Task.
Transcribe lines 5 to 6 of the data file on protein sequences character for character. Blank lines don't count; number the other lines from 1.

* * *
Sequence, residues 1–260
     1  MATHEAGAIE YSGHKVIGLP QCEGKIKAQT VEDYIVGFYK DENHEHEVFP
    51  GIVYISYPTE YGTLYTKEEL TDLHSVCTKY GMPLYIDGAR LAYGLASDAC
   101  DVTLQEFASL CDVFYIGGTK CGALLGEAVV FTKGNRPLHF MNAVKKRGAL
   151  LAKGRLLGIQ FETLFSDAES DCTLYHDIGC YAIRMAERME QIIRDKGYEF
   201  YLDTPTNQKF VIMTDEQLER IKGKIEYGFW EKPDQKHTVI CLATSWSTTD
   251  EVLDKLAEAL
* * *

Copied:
   151  LAKGRLLGIQ FETLFSDAES DCTLYHDIGC YAIRMAERME QIIRDKGYEF
   201  YLDTPTNQKF VIMTDEQLER IKGKIEYGFW EKPDQKHTVI CLATSWSTTD